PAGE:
When you say “uh-huh” on the other end of the phone and change the channel on the television running in the background, what I hear is not “uh-huh.”  Instead, the message conveyed is, “I am sick of this same old story.  Diabetes sucks.  I get it.”  You know what?  It does suck.  And it may continue to suck.  It’s diabetes, and it’s a selfish jerkface.  Sure, I have experienced a rough year of diabetes transitions (insulin pumping to MDI to every emotion felt along the way), but I do not get to “uh-huh” away this disease.  I sure as heck hope that it is not especially difficult every day until there is a cure, but sometimes there are long stretches of time where diabetes is a royal pain in the a$$, whether or not we are talking about Lantus burn at backside injection sites.

We are all human, though, and I caught myself “uh-huh-ing” a friend last week.  My coworkers and I are working from home a majority of the time now, a nice perk for those of us who require multiple cups of coffee before we are properly-functioning each morning.  The downside to working at home is that we do not have one another within walking distance if we need help.  Recently, my friend (let’s call him Jason) called my cell to seek advice on a difficult case.  My blood sugar was a bit rocky in that moment, and I felt the familiar brain fog that accompanies those overtired, rollercoaster health days.

“I’m thinking if we use this regulation, I should be denying this issue,” he said.

“Yeah, but I just emailed you the updated guidance.  We can grant benefits only if that particular symptom is present, which it is here,” I replied, as we went back and forth with medical evidence and legal stipulations to try to make the right decision.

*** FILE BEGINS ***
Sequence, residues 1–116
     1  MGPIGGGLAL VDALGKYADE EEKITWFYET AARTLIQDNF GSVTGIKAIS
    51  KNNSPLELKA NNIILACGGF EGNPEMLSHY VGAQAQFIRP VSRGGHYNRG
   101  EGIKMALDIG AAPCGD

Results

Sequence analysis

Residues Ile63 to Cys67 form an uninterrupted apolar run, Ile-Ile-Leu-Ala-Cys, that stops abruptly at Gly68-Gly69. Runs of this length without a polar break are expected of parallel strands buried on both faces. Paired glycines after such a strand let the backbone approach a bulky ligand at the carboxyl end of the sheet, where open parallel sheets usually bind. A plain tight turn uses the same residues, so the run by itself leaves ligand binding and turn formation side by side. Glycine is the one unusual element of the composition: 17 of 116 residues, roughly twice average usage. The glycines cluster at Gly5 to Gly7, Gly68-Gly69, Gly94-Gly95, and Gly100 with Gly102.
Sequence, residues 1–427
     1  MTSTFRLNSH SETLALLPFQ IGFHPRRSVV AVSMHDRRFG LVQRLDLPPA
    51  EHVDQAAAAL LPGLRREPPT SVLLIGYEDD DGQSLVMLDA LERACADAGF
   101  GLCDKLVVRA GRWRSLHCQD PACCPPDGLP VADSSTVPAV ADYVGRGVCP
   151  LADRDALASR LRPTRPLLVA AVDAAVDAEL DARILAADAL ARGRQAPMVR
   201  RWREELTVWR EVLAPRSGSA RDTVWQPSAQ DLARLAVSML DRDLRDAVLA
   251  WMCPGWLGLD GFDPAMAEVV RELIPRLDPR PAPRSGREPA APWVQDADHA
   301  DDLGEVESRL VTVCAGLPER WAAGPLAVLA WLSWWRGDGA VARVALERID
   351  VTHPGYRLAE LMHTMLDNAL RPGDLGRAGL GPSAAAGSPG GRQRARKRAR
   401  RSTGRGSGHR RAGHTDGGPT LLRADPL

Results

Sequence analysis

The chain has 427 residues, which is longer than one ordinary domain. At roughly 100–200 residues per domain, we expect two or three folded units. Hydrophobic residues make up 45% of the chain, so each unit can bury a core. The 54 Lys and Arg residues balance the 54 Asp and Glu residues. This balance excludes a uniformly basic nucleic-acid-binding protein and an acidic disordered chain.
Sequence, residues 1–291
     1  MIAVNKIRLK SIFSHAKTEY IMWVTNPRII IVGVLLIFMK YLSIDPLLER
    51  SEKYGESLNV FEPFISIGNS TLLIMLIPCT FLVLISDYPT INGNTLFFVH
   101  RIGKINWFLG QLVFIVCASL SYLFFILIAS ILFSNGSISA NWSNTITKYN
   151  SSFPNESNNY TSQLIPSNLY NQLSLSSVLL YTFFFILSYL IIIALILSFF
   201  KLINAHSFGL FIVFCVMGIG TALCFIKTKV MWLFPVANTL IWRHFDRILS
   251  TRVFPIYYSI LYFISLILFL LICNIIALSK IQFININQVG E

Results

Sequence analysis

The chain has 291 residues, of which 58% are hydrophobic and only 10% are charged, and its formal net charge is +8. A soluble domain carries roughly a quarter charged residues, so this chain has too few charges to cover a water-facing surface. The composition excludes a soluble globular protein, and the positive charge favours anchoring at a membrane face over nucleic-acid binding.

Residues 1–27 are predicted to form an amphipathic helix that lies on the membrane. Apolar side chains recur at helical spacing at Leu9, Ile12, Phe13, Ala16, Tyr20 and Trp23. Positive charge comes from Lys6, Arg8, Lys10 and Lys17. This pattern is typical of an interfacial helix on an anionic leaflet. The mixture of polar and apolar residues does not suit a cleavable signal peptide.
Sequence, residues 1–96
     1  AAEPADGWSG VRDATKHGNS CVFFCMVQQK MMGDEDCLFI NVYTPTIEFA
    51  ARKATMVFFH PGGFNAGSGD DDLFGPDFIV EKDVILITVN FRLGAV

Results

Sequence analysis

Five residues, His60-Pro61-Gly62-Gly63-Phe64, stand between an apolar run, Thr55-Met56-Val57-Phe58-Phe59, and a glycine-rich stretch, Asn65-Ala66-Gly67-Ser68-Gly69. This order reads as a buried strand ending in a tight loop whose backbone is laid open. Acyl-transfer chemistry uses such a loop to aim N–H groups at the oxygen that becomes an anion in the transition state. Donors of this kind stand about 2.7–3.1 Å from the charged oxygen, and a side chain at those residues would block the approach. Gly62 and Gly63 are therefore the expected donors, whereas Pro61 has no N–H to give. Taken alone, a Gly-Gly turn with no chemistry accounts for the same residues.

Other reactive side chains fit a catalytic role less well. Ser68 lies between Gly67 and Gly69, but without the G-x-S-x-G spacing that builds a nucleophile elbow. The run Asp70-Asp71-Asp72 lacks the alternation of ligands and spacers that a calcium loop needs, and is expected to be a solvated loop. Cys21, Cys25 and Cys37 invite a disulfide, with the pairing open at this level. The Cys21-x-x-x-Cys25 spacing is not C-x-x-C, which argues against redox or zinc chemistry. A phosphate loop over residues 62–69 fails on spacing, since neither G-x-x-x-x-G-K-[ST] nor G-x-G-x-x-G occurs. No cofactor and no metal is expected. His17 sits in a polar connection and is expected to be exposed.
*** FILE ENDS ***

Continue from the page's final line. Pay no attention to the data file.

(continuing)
The more we interpreted the guidance on the case, the more I found myself nodding and saying, “right, right, uh-huh” as I clicked through online documents, only half-paying attention to what Jason was trying to tell me at this point.

Frankly, I had made up my mind about what we should do on the case five minutes earlier, and I wanted him to be on the same page.  Eventually, our viewpoints fell somewhere in the middle and we were able to move forward.

The moral of the story is that everybody “uh-huhs” now and then.  At times, I am guilty of what I am critiquing here, too.  So what are we going to do to fix this?

Society often incorrectly relates empathy to having actual experience in the particular situation occurring.  For example, a cancer patient can empathize with another cancer patient, but a person untouched by illness cannot offer any valuable input.  I do not personally believe this.  First off, every person’s cancer or diabetes or death of a parent or any other difficult cross to bear has its own nuances.  We are all different people from different backgrounds with different struggles.  But the common denominator is that we are all human beings.  Because of this, we all know how to empathize.  It does not mean that we have to experience carbon copies of one another’s pain.  Rather, we simply have to offer up messages of support.

Instead of saying “uh-huh” when I describe an aggravating diabetes day, say something like, “I’m sorry.  That sounds so tiring.  Let me know if you need to chat later.”  Please listen.  If I wanted to talk to an empty space, I’d jump rope to the beat of a diabetes jingle or throw a tennis ball against the wall while collecting my thoughts.  But instead, I have chosen to tell you, someone who is so important to me and my diabetes fight.

Acknowledge my pain, but do not feel like you have to magically erase it for me.  Do unto others as you would have them do unto you.  Nowhere in that verse do I hear the phrase “uh-huh.”

I pledge to support you in the same ways that I want to be supported- devoid of “uh-huhs” but generous in understanding.  If I do not know what to say, I will attempt to think twice before muttering an empty rationalization.  “At least it’s not XYZ” belittles the struggle.  Instead, I’ll speak the truth next time: “ABC is very difficult.  Please know that I’m here for you.”  We cannot suddenly cure illness overnight, but we can make a more concerted effort to see each other through tough times.

From now on, let’s walk together, instead of “uh-huh-ing” each other.  Promise?